How to survive Michigan’s switch to the SAT
If you heard a thud in January, don’t be alarmed. It was just the sound of jaws hitting for floor when Michigan officials announced the state was switching to the SAT from the ACT as the college admission test.
Michigan has been an ACT state for as long as most can remember. And it’s been offered as part of the Michigan Merit Exam to all public school juniors since 2007.
The SAT has long been the college admissions standard in other states. Originally an acronym for Scholastic Aptitude Test, today, SAT just means SAT. It has a reputation for being tough. Some think SAT is an abbreviation for Scary Aggravating Trouble or Sick And Twisted.
So the announcement caught many off guard. But don’t panic just yet. The switch isn’t happening until 2016, so it means nothing to high school juniors and seniors.
Freshmen and sophomores? That’s another story: The change coincides with a major overhaul to the SAT that rolls out in 2016. That makes it harder to prepare, but not impossible. Here’s some tips for navigating the change and making your SAT a Super Awesome Triumph:
Take the PSAT this fall.
The practice test likely is the first glimpse to the new SAT. Many schools offer it for free. If yours doesn’t, start saving. It’s worth the investment.
Bone up on your studies.
The new test is expected to better gauge classroom comprehension. So the more you understand, the better you’ll do.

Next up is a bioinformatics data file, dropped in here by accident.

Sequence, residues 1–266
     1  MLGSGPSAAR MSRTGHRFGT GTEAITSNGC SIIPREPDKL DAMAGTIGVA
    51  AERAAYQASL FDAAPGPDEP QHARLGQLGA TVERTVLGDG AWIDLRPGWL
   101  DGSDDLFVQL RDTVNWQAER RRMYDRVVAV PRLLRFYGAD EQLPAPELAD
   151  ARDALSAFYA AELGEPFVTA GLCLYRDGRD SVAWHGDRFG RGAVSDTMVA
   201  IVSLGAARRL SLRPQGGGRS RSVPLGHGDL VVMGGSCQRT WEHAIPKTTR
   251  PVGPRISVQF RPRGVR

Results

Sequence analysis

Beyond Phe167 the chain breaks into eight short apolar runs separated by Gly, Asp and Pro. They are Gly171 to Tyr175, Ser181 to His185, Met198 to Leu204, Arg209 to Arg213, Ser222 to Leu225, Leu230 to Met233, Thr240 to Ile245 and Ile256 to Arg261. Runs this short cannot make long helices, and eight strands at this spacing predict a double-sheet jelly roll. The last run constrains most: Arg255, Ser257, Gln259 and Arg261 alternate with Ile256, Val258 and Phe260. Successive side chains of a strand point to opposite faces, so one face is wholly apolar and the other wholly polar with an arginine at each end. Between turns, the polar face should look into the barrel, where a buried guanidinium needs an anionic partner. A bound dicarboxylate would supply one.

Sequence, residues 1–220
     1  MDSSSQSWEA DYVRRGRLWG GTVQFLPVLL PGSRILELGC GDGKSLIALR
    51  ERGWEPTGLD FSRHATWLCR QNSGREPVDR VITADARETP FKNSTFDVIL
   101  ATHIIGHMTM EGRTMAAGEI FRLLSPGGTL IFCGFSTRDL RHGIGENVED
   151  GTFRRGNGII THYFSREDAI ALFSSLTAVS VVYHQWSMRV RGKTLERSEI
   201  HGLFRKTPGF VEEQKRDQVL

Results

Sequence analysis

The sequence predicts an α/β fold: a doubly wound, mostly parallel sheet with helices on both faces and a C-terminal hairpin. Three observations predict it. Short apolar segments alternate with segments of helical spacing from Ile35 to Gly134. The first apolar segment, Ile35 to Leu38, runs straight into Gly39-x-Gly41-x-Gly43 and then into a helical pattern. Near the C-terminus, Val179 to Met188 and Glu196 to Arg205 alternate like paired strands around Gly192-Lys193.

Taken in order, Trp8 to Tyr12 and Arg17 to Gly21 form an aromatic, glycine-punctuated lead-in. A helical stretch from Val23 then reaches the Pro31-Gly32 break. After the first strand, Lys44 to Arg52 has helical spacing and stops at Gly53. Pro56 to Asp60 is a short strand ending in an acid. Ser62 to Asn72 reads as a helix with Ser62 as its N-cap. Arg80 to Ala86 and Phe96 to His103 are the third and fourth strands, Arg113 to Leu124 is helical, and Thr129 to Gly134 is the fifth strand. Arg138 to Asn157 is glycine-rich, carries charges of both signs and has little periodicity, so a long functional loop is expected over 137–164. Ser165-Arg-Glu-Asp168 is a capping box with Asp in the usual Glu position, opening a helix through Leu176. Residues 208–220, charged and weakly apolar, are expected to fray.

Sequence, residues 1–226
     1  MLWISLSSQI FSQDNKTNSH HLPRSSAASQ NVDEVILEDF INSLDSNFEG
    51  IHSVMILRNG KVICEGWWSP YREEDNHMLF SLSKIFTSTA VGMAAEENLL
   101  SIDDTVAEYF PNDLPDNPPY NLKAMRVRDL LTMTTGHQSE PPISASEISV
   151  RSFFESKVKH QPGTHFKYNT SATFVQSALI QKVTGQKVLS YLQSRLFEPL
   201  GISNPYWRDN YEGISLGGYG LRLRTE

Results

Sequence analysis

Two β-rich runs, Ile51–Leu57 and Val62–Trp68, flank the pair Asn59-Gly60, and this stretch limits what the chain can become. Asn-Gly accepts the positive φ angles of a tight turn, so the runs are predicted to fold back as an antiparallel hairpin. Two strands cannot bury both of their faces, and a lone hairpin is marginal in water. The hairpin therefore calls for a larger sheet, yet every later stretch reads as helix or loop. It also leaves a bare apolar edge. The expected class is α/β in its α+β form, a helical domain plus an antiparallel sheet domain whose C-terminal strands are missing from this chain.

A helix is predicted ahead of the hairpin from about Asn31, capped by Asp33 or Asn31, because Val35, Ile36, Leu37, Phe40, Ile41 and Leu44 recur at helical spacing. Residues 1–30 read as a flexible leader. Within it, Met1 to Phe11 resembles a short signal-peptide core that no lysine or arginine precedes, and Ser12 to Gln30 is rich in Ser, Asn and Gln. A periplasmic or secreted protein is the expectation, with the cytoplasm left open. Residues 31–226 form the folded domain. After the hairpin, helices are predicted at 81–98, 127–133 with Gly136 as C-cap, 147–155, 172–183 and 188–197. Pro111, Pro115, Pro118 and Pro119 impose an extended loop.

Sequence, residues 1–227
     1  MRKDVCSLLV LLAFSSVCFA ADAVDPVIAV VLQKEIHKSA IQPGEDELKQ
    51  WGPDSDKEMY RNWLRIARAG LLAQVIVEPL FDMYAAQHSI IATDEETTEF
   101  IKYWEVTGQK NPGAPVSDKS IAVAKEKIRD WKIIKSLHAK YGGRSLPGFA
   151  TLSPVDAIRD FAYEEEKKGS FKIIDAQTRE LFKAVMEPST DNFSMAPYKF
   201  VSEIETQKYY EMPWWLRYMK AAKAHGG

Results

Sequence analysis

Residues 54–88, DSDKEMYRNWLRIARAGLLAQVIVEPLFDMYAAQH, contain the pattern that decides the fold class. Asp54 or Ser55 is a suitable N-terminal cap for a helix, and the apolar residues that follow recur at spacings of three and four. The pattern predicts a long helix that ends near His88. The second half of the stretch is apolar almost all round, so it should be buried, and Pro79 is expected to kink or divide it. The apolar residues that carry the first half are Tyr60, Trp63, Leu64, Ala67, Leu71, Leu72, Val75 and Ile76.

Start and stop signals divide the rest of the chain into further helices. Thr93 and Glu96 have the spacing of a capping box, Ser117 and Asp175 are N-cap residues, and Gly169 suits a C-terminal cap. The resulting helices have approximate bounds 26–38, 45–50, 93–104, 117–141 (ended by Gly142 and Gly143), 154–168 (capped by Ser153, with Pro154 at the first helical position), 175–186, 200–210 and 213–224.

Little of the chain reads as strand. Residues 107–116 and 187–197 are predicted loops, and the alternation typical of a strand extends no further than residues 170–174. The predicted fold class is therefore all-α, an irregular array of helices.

Review the changes.
The College Board, the company that operates the SAT, says the new test will be a better measure of college readiness. Essays will more closely resemble high school writing assignments. Students will be asked to interpret evidence and read a passage, then expound on it. Math will be focused on “real world” applications that involve graphs and charts. And students’ knowledge of “founding documents” — the Constitution and the like — will be tested.
Practice the changes.
Sample questions and a detailed description of the changes are already available online. Take a look at the redesigned SAT here and even try your hand at a few sample questions.
The new SAT will include no penalty for wrong answers. That’s a big change and should change strategies of test-takers.
Take both tests this spring.
If you can afford it. If not, ask school counselors if you qualify for a fee waiver.
Pay attention to details.
But don’t overly worry. Do your work, prepare accordingly and trust your diligence. Things have a way of working out.
It’s an approach that will serve you well at Michigan’s top 15 independent colleges and universities, where students forge success by following their own path.
The colleges are smaller and emphasize community over crowds. Often less expensive than public institutions, the independents boast higher four-year graduation rates and smaller class sizes for a truly unique and affordable experience.
Be bold. Be different. Go independent.